Prognosis among HIV-positive patients varied according to HL subtype, but the rates of five-year overall survival increased with receipt of standard chemotherapy across all subtypes (TABLE). For instance, overall survival at five years was not significantly different between HIV-positive and HIV-negative patients with classic nodular sclerosis or mixed cellularity subtypes – as long as patients received standard chemotherapy. "In contrast, HIV-positive patients [with unknown histology disease] had significantly worse overall survival, even with chemotherapy," Dr. Olszewski said, "similar to overall survival of HIV-negative patients with the unfavorable lymphocyte-depleted subtype."

Estimates of survival for all HIV-positive patients was 66.1 percent (95% CI 63.7%-68.4%) – 78.7 percent in stage I/II disease, and 59.9 percent in stage III/IV disease. Receipt of chemotherapy increased all of these rates: 73.0 percent, 83.5 percent, and 68.0 percent, respectively.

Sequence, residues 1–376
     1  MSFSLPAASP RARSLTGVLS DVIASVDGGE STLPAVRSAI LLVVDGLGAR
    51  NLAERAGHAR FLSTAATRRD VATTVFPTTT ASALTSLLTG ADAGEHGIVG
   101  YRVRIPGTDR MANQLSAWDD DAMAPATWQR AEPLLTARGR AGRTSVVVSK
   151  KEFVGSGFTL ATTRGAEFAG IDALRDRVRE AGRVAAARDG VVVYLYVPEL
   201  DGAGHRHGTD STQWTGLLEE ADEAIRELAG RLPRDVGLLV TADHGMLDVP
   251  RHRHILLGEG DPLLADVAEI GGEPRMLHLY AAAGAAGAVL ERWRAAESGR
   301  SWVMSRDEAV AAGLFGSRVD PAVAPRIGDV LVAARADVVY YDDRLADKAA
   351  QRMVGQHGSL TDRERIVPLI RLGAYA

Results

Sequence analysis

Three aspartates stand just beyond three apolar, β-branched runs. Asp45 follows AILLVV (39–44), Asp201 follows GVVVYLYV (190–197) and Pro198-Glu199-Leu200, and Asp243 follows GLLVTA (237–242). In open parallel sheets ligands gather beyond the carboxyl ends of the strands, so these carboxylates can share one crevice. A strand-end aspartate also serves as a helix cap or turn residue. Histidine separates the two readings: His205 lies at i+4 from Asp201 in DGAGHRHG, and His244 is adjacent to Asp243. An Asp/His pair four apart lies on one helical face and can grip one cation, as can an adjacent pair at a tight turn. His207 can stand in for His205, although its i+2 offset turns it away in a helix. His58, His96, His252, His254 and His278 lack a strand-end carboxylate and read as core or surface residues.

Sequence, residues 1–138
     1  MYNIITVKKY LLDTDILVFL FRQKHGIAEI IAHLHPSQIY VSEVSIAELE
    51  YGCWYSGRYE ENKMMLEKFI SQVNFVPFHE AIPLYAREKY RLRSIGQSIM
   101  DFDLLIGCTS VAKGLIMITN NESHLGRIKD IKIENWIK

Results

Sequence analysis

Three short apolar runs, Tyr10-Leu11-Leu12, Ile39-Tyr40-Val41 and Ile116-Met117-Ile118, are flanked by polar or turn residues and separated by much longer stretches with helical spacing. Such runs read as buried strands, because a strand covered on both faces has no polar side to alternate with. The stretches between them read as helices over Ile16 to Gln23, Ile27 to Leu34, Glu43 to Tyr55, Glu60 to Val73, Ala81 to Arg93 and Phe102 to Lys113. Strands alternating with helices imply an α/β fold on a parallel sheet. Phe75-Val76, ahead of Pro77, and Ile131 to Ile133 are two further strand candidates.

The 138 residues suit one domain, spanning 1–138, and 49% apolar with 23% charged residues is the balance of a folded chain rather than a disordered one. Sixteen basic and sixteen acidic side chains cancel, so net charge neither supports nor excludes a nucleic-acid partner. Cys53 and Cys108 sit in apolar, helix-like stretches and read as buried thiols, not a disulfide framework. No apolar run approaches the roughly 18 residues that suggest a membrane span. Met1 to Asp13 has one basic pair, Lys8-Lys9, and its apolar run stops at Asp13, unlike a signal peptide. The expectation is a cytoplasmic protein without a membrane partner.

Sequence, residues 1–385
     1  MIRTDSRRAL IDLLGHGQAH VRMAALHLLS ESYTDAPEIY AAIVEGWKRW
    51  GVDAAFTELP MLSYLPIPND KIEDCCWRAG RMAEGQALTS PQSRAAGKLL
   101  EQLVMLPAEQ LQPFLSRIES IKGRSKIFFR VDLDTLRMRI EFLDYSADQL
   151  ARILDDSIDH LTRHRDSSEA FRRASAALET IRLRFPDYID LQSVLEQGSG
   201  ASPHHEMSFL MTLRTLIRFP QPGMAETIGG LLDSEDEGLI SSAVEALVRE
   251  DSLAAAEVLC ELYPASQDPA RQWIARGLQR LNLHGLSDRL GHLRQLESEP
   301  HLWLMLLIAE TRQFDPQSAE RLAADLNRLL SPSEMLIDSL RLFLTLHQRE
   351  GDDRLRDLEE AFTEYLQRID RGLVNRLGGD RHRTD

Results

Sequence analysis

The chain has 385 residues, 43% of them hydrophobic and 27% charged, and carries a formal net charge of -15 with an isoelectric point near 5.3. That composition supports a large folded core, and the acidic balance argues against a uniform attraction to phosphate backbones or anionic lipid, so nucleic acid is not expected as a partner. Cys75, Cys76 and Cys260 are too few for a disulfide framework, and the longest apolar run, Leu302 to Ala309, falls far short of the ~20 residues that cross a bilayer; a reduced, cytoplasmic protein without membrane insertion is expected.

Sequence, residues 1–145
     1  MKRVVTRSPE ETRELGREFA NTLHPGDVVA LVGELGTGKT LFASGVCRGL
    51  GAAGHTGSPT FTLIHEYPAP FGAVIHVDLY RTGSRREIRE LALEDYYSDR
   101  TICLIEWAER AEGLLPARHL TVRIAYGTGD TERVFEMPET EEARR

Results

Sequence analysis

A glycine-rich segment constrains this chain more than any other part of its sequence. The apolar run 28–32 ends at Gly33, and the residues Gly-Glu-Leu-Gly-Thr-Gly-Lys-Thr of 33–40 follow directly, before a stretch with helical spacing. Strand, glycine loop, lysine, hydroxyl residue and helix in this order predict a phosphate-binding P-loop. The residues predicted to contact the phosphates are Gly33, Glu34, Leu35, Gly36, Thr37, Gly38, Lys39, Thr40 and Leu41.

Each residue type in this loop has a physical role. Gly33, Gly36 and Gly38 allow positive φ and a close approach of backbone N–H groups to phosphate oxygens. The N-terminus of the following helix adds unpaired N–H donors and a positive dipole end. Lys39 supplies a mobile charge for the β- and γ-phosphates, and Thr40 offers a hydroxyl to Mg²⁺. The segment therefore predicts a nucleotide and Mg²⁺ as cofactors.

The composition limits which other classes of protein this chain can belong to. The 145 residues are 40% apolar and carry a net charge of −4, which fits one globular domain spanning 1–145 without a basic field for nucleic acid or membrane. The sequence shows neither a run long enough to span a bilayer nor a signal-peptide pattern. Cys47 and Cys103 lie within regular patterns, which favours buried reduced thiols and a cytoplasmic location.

"This large contemporary analysis confirms similar survival of HIV-negative and HIV-positive Hodgkin lymphoma patients with the classical nodular sclerosis or mixed cellularity histologies, as long as they receive chemotherapy," Dr. Olszewski and colleagues concluded.


Olszewski AJ, Castillo JJ. Management of HIV-associated Hodgkin lymphoma in the antiretroviral therapy era: analysis of the National Cancer Data Base (NCDB). Abstract #1. Presented at the ASH Meeting on Hematologic Malignancies; September 18, 2015; Chicago, IL.

TABLE. Rates of Overall Survival According to Lymphoma Histology
Histology   All patients Patients receiving chemotherapy
5-year overall survival (%) Cox model 5-year overall survival (%) Cox model
  HIV+ HIV- Hazard ratio p Value HIV+ HIV- Hazard ratio p Value
Nodular sclerosis 74.5 85.3 1.37 0.0003 80.2 87.2 1.08 0.46
Mixed cellularity 73.0 73.6 1.30 0.022 77.6 77.3 1.06 0.68
Lymphocyte-rich 74.1 81.7 1.28 0.50 71.1 84.0 1.27 0.58
Lymphocyte-depleted 57.5 57.7 1.25 0.38 69.0 64.9 1.05 0.89
Undetermined histology 55.1 71.5 1.91 <0.0001 63.5 77.0 1.56 <0.0001